"If you don't address the systems that are broken, you're going to fire everybody," she said.
For more information, visit the University Community Hospital Web site.
Third party-imposed nurse-to-patient ratios, like those instituted in California, have caused a stir in the health care industry, whether its opposition from hospital administrators or strong support from nursing organizations.
Frank Overfelt, MBA, president of Delta Healthcare Consulting Group, in Greensville, South Carolina, and Patti Rogers, RN, MBA, special projects coordinator at Texas Children's Hospital, in Houston, Texas, brought the business side and the nursing side together to create an alternative to mandatory staffing ratios: dependency-based staffing.
According to Overfelt, the dependency model relies on a "workload measure of how reliant a patient is on nursing caregivers to meet care requirements." The model uses time- and motion-based studies to compute nurse-staffing needs.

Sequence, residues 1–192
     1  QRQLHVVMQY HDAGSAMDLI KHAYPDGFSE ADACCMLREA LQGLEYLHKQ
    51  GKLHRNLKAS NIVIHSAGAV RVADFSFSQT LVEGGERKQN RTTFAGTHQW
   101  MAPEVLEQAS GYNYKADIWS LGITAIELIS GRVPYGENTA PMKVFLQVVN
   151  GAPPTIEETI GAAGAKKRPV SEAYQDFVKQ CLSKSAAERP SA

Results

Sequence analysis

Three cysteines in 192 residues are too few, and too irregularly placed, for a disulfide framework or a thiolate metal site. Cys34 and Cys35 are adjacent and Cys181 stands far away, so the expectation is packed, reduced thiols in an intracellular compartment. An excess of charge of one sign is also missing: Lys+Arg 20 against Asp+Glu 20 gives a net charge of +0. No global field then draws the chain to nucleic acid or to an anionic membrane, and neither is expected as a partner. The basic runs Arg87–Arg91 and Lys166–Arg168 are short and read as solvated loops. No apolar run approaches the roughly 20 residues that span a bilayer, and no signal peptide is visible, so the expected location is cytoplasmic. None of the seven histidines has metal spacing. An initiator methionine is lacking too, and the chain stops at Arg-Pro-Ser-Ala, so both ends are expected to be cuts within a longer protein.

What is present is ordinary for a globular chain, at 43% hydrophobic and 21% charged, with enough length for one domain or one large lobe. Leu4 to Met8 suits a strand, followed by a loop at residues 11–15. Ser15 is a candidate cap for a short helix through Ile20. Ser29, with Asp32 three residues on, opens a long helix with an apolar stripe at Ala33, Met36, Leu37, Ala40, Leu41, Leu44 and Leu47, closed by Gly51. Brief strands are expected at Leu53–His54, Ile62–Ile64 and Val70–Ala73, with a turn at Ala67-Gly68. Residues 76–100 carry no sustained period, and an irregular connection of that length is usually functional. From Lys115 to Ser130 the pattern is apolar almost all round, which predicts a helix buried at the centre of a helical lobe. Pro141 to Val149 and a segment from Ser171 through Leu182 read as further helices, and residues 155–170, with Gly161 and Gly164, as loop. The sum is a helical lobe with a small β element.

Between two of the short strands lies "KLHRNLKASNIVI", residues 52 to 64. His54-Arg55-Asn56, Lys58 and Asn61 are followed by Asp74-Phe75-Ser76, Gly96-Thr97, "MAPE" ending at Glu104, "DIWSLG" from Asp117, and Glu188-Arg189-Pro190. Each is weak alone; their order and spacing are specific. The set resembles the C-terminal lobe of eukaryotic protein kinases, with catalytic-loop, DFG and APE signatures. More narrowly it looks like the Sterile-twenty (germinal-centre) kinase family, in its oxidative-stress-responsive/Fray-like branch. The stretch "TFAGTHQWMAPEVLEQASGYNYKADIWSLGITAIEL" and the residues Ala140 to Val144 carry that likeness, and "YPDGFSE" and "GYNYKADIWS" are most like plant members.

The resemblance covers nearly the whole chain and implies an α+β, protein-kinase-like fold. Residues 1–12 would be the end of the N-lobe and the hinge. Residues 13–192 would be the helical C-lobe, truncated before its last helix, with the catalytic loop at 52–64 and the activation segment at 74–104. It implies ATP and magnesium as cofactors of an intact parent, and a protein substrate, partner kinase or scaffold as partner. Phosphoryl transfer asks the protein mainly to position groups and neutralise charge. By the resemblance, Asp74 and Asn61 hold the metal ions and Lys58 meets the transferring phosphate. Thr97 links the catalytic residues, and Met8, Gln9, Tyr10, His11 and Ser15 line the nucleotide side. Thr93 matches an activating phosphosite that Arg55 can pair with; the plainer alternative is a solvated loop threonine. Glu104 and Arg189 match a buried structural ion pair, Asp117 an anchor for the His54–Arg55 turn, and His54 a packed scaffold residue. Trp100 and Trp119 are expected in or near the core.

Rogers explained that at Texas Children's Hospital, the dependency system is tied to the computer-based staffing system. Perspective staffing is done on each shift. Approximately two hours before the end of the shift, an assessment is done and entered into the staffing system. Then the system reports the target requirement compared to the actual staffing. Changes to staffing on each unit are made based on these reports.
In order for the dependency system to work, Rogers explained that it must be:
- Objective-not subject to individual interpretation.
- Auditable-traceable to a patient's chart or orders.